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Publication numberUS20060149794 A1
Publication typeApplication
Application numberUS 11/296,255
Publication dateJul 6, 2006
Filing dateDec 8, 2005
Priority dateDec 10, 2004
Also published asEP1828932A1, EP1828932A4, WO2006061463A1
Publication number11296255, 296255, US 2006/0149794 A1, US 2006/149794 A1, US 20060149794 A1, US 20060149794A1, US 2006149794 A1, US 2006149794A1, US-A1-20060149794, US-A1-2006149794, US2006/0149794A1, US2006/149794A1, US20060149794 A1, US20060149794A1, US2006149794 A1, US2006149794A1
InventorsHeikki Ylinen
Original AssigneeSeven Networks International Oy
Export CitationBiBTeX, EndNote, RefMan
External Links: USPTO, USPTO Assignment, Espacenet
Database synchronization
US 20060149794 A1
Abstract
Synchronization of data items between parties A and B. A maintains copies of data items and an A change count and a B change count for each data item The A change count indicates the number of changes made by A, and the B change count indicates the number of changes made by B and known to A. After a synchronization trigger, A sends to B each data item that A has changed, plus the A change count and the B. change count for each sent data item A receives from B each data item that B has changed, plus the A change count and the B change count for each received data item A detects a conflict if the received A change count differs from the maintained A change count.
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Claims(10)
1. A method for synchronizing a database between an A party and a B party, wherein the database contains data items to be3 synchronized, the method comprising:
maintaining in the A party a copy of the database and an indication of the latest synchronization event between th3e A party and the B party;
maintaining in the A party an A change count and a B change count in respect of each data item to be synchronized;
wherein the A change count indicates the number of changes made to the data item by the A party, and the B change count indicates the number of changes made to the data item by the B party and known to the A party;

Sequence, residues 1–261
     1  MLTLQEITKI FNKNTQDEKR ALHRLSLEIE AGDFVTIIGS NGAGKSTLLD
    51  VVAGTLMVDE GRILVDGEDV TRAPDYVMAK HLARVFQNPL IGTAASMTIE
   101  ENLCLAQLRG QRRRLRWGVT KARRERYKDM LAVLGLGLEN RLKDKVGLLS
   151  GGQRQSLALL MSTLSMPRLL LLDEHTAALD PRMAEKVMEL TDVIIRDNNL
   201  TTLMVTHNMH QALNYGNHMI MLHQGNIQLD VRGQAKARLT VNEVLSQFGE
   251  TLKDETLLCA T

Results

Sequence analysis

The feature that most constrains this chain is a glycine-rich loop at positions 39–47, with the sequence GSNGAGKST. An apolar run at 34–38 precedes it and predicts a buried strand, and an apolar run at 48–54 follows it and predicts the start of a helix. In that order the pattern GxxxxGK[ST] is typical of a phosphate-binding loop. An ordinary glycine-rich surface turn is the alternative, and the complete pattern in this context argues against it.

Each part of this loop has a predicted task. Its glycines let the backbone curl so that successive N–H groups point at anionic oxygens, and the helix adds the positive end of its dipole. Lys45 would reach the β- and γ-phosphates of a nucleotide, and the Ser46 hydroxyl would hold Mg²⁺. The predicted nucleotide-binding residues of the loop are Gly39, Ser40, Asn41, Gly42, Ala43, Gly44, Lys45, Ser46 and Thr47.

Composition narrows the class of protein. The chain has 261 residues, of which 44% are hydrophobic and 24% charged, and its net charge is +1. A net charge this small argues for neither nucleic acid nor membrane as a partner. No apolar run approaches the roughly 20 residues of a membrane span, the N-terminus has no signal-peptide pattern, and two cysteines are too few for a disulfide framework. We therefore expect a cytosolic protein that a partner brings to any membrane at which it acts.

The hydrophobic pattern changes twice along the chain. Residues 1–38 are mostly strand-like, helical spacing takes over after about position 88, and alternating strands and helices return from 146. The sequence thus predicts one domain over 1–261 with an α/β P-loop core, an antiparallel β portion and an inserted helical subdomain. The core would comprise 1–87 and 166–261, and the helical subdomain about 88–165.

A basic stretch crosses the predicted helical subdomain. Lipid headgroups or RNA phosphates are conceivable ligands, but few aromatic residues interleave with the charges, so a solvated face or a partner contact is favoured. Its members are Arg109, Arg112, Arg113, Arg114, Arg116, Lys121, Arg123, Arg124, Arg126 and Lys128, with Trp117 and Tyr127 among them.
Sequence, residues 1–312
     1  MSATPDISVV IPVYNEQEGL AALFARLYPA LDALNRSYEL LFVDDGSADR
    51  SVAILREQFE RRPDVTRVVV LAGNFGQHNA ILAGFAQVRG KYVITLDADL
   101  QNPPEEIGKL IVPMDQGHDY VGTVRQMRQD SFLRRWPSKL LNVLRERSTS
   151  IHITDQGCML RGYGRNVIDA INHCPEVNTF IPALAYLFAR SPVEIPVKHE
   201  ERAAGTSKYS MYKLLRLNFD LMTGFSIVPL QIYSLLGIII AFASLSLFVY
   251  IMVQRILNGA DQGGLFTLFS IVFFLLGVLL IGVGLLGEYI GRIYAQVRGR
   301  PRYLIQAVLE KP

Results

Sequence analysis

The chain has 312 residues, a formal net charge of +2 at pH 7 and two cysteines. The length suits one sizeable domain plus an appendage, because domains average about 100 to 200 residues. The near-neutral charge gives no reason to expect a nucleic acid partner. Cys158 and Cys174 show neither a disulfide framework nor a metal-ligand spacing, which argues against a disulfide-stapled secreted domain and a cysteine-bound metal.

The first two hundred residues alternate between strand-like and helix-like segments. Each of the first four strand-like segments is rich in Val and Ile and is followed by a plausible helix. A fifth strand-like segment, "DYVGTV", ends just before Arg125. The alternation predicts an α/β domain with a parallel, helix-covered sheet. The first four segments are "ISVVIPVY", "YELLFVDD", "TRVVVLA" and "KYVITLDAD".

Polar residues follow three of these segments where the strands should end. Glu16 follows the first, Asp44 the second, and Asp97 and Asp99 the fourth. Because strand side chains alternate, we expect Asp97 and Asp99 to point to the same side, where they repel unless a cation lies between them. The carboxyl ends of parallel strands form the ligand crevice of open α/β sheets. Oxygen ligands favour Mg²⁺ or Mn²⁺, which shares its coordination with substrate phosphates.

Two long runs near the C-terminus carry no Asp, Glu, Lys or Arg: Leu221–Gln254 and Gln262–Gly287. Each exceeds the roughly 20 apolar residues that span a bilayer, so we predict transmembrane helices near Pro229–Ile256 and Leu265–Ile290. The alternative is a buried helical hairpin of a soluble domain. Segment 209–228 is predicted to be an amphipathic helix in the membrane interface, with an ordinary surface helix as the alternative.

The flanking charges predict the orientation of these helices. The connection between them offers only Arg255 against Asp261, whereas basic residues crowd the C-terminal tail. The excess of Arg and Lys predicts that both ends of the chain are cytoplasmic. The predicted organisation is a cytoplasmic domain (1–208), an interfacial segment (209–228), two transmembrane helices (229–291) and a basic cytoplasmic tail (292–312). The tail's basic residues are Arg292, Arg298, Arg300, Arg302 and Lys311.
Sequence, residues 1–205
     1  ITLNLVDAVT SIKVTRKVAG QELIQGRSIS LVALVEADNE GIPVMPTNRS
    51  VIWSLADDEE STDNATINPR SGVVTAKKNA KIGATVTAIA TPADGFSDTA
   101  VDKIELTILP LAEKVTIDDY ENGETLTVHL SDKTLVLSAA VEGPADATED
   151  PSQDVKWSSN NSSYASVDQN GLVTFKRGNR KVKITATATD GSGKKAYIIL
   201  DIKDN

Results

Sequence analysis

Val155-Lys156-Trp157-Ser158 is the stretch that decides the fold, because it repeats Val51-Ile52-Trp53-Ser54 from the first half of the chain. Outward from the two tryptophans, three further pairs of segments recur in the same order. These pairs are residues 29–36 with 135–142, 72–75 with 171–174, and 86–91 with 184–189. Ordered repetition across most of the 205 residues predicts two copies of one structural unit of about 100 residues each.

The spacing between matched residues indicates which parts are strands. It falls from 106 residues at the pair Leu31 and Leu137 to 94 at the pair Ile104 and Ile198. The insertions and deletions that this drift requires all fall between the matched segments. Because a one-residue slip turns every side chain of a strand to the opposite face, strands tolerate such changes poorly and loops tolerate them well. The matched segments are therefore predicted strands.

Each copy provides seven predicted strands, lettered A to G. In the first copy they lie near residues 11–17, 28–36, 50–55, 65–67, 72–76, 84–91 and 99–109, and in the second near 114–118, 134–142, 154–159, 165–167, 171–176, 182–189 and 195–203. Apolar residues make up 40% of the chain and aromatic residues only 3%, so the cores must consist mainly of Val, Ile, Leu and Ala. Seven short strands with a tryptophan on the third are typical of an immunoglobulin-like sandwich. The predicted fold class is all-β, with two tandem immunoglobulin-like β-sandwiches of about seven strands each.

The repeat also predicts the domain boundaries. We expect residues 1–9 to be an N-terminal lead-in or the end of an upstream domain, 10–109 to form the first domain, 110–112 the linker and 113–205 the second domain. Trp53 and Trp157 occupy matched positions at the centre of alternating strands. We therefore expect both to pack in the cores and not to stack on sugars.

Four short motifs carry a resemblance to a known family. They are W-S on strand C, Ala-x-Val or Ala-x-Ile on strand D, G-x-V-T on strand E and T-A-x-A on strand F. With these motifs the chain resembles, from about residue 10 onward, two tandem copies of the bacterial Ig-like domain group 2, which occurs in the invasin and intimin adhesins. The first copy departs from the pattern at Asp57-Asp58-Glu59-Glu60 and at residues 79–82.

in response to a synchronization trigger
sending from the A party to the B party an indication of each data item that the A party has changed after the latest synchronization event, plus the A change count and the B change count in respect of each sent data item,
receiving at the A party from the B party an indication of each data item that the B party has changed after the latest synchronization event, plus the A change count and the B change count in respect of each received data item;
detecting a conflict if the received A change count differs from the maintained A change count.
2. A method according to claim 1, further comprising resolving said conflict according to a set of predetermined values.
3. A method according to claim 2, wherein the conflict resolving step comprises displaying the maintained data item and received data item in a user interface.
4. A method according to claim 2, wherein the conflict resolving step comprises offering the maintained data item and received data item for user selection via a user interface.
5. A method according to claim 2, wherein the conflict resolving step comprises combining the maintained data item and received data item into a single data item.